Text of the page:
11D.4 A simple model of climatological rainfall over the Tropical oceans

Wednesday, 30 April 2008: 2:00 PM
Palms I (Wyndham Orlando Resort)
Larissa E. Back, MIT, Cambridge, MA; and C. S. Bretherton

Model construction is based on the argument that boundary layer convergence can usefully be viewed as a forcing on deep convection, not just a result. This view is developed using a linear mixed layer model (Stevens et al. 2002) which skillfully reproduces observed surface winds and convergence and which we use to diagnose the relative influence of boundary layer and free tropospheric processes on boundary layer convergence. The mixed layer model is forced is forced with 850mb horizontal winds and pressure gradients from the ERA-40 reanalysis. Results show that variability in boundary layer convergence is predominantly associated with meridional boundary layer temperature gradients and SST, not deeper tropospheric processes.

Based on these results, we construct a simple model which predicts climatological precipitation and vertical motion profiles over the tropical oceans given the sea-surface temperature (SST), using statistical relationships deduced from the ERA-40 reanalysis. The model allows for two modes of variability in vertical motion profiles, a shallow mode responsible for all `boundary-layer' convergence between 850mb and the surface, and a deep mode with no boundary-layer convergence. The shallow mode is either specified from satellite observations or modeled using a simple mixed layer model which has SST as well as 850mb geopotential height, winds and temperature as boundary conditions. The deep mode amplitude is empirically shown to be proportional to a simple measure of conditional instability in convecting regions, and is determined by the constraint that radiative cooling must balance adiabatic warming in subsidence regions.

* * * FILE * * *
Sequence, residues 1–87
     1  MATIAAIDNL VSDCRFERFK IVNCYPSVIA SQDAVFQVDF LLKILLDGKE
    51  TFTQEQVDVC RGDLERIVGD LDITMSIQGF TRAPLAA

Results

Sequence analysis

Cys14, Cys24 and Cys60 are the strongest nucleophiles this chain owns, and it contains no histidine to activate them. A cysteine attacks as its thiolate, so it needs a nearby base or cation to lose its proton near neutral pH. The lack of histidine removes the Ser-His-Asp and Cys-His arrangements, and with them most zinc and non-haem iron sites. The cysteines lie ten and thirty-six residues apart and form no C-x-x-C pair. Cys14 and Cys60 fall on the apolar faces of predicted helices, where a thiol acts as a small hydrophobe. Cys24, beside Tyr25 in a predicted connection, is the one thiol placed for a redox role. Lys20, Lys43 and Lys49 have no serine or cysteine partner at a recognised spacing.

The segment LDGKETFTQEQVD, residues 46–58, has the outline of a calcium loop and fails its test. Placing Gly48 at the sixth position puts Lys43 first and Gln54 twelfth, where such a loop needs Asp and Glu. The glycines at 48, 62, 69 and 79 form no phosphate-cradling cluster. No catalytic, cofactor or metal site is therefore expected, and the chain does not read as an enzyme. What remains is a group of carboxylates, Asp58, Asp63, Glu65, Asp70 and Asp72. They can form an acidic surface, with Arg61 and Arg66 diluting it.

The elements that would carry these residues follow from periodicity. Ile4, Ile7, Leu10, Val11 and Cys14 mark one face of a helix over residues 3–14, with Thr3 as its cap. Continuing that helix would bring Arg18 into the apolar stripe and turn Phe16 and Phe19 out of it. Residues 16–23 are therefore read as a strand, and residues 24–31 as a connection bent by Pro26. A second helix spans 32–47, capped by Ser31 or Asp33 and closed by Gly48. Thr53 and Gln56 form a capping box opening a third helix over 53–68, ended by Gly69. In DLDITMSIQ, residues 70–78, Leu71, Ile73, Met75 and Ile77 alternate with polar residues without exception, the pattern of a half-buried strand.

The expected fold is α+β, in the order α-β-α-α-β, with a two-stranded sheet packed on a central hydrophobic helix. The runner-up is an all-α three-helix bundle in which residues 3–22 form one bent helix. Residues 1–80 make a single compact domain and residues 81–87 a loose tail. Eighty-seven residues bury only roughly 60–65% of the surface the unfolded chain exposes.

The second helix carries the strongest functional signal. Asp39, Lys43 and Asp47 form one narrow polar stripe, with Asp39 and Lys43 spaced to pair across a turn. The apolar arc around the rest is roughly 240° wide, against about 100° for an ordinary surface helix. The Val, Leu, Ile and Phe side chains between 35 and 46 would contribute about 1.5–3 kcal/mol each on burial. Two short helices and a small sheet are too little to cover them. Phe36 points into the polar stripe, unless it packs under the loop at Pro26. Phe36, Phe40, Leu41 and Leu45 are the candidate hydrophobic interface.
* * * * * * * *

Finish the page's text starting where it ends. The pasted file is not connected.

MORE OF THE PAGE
This two-mode model is tested against a reanalysis-derived dry static energy budget and in a reanalysis-independent framework based on satellite-derived surface convergence and using SST as a proxy for conditional instability. It can predict the observed annual mean and seasonal cycle of rainfall, vertical motion and diabatic heating profiles across the tropical oceans with significantly more skill than optimized predictions using a thresholded linear relationship with SST. In most warm-ocean regions, significant rainfall only occurs in regions of monthly-mean boundary-layer convergence. In such regions, deep-mode amplitude and rainfall increase linearly with SST, with an additional rainfall contribution from the shallow mode directly tied to boundary-layer convergence. This second contribution is significant mainly in the east and central Pacific ITCZ, where it is responsible for that region's `bottom-heavy' vertical-velocity, diabatic heating and cloud profiles.

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